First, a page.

R / Finance 2014: Packaged Takeaways

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by Joseph Rickert

I was very happy to have been able to attend R / Finance 2014 which wrapped up a couple of weeks ago. In general, the talks were at a very high level of play, some dealing with brand new ideas and many presented at a significant level of technical or mathematical sophistication. Fortunately, most of the slides from the presentations are quite detailed and available at the conference site. Collectively, these presentations provide a view of the boundaries of the conceptual space imagined by the leaders in quantitative finance. Some of this space covers infrastructure issues involving ideas for pushing the limits of R (Some Performance Improvements for the R Engine) or building a new infrasturcture (New Ideas for Large Network Analysis) or (Building Simple Data Caches) for example. Others are involved with new computational tools (Solving Cone Constrained Convex Programs) or attempt to push the limits on getting some actionable insight from the mathematical abstrations: (Portfolio Inference withthei One Wierd Trick) or (Twinkle twinkle litle STAR: Smooth Transition AR Models in R) for example.

But while the talks may be illuminating, the real take-aways from the conference are the R packages. These tools embody the work of the thought leaders in the field of computational finance and are the means for anyone sufficiently motivated to understand this cutting edge work.  By my count, 20 of the 44 tutorials and talks given at the conference were based on a particular R package. Some of the packages listed in the following table are well-established and others are work-in-progress sitting out on R-Forge or GitHub, providing opportunities for the interested to get involved.

R Finance 2014 Talk



Introduction to data.table


Extension of the data frame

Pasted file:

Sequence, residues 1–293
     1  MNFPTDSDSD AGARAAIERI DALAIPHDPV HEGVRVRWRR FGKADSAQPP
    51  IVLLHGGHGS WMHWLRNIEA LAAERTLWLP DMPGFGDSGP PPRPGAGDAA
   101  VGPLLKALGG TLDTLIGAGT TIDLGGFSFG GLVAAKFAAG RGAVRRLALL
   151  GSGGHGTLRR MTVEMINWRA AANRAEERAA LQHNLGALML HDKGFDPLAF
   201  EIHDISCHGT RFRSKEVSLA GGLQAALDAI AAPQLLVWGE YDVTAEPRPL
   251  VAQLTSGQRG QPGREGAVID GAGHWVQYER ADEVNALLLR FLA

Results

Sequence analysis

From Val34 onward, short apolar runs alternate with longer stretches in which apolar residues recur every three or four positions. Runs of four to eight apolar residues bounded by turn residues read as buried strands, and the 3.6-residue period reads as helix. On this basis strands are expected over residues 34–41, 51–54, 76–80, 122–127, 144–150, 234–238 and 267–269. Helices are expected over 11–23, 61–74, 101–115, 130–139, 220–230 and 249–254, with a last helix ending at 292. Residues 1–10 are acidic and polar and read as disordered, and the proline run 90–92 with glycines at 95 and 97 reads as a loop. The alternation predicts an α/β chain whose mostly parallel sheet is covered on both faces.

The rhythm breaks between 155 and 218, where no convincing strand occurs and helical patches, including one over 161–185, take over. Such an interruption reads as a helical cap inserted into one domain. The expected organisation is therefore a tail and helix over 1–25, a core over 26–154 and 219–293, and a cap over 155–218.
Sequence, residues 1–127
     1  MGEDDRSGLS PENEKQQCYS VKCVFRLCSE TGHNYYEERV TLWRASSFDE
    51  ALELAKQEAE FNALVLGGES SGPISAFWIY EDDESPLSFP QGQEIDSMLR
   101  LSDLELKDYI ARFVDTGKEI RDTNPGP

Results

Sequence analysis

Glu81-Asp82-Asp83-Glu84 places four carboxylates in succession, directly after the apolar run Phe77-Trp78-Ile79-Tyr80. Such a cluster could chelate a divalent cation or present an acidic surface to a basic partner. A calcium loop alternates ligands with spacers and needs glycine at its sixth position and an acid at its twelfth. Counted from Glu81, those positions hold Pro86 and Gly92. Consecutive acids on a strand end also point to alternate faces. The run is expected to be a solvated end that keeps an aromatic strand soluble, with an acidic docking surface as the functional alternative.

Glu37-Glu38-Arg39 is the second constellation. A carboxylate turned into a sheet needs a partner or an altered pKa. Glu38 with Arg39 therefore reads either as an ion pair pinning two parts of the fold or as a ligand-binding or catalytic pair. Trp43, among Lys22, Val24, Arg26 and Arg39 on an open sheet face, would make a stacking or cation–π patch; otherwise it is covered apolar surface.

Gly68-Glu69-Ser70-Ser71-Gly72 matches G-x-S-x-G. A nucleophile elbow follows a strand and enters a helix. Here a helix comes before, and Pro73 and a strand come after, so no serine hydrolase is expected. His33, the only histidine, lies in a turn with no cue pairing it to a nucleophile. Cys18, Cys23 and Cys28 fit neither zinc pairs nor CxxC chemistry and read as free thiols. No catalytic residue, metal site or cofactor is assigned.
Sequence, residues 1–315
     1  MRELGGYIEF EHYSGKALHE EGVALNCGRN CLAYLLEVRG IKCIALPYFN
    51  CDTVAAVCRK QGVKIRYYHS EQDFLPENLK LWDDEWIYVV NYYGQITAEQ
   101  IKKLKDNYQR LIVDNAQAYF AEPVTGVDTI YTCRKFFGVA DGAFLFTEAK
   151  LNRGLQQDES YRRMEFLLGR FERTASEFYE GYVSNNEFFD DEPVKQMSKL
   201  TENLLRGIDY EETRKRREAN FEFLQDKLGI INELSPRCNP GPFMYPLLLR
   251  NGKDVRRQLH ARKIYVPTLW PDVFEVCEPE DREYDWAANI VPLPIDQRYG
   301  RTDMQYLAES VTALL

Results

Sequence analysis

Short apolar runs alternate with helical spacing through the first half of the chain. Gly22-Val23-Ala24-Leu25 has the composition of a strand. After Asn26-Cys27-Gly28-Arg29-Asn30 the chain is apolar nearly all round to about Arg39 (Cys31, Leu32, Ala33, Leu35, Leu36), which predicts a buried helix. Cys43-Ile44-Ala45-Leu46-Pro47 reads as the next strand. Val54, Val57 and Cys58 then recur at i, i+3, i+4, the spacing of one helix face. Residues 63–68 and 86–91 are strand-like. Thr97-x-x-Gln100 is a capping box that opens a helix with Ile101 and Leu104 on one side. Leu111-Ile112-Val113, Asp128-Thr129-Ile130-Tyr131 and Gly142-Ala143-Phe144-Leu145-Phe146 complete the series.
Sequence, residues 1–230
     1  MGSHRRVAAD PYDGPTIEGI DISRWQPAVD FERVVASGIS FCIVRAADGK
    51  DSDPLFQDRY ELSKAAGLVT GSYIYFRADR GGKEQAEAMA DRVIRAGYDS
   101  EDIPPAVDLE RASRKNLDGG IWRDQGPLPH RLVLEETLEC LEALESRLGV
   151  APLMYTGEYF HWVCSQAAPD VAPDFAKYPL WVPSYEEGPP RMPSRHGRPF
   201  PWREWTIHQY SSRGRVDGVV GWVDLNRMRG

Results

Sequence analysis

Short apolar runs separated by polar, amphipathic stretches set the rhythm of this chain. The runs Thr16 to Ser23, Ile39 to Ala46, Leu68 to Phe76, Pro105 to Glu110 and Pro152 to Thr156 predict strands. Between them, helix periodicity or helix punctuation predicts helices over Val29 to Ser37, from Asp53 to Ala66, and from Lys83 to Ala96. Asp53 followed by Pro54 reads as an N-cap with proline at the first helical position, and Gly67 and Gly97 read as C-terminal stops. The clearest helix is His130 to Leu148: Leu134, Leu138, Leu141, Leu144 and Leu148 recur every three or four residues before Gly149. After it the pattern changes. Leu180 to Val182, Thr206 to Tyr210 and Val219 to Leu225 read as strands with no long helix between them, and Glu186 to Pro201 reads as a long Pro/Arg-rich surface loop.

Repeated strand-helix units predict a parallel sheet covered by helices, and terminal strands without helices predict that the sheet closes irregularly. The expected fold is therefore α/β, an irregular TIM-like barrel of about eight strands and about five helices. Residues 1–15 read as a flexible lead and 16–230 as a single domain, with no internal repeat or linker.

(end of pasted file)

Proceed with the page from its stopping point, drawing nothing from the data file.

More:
An Example-Driven Hands-on introduction to Rcpp


Functions to facilitate integrating R with C++

Portfolio Optimization: Utility, Computation, Equities Applications


Environment for reaching Financial Engineering and Computational Finance

Re-Evaluation of the Low Risk Anomaly via Matching


Implementation of the Coarsened Exact matching Algorithm

BCP Stability Analytics: New Directions in Tactical Asset Management


Bayesian Analysis of Change Point Problems

On the Persistence of Cointegration in Pairs Trading


Engle-Granger Cointegration Models

Tests for Robust Versus Least Squares Factor Model Fits


robust methods

The R Package cccp: Solving Cone Constrained Convex Programs


Solver for convex problems for cone constraints

Twinkle, twinkle little STAR: Smooth Transition AR Models in R


Modeling smooth transition models

Asset Allocaton with Higher Order Moments and Factor Models

  DEoptim /   PortfolioAnalytics

Global optimization by differential evolution / Numerical methods for portfolio optimization

Event Studies in R


Event study and extreme event analysis

An R package on Credit Default Swaps


Provides tools for pricing credit default swaps

New Ideas for Large Network Analysis, Implemented in R


Implicitly restarted Lanczos methods for R

Package “Intermediate and Long Memory Time Series



Simulate & Detect Intermediate and Long Memory Processes / in development

Stochvol: Dealing with Stochastic Volatility in Time Series


Efficient Bayesian Inference for Stochastic Volatility (SV) Models

Divide and Recombine for the Analysis of Large Complex Data with R


Package for using R with Hadoop

gpusvcalibration: Fast Stochastic Volatility Model Calibration using GPUs


Fast calibration of stochastic volatility models for option pricing models

The FlexBayes Package


Provides an MCMC engine for the class of hierarchical feneralized linear models and connections to WinBUGS and OpenBUGS

Building Simple Redis Data Caches


Rcpp bindings for Redis that connects R to the Redis key/value store

Package pbo: Probability of Backtest Overfitting


Uses Combinatorial Symmetric Cross Validation to implement performance tests.


Many of these packages / projects also have supplementary material that is worth chasing down. Be sure to take a look at Alexios Ghalanos recent post that provides an accessible introduction to his stellar keynote address.


Many thanks to the organizers of the conference who, once again, did a superb job, and to the many professionals attending who graciously attempted to explain their ideas to a dilletante. My impression was that most of the attendies thoroughly enjoyed themselves and that the general sentiment was expressed by the last slide of Stephen Rush's presentation:




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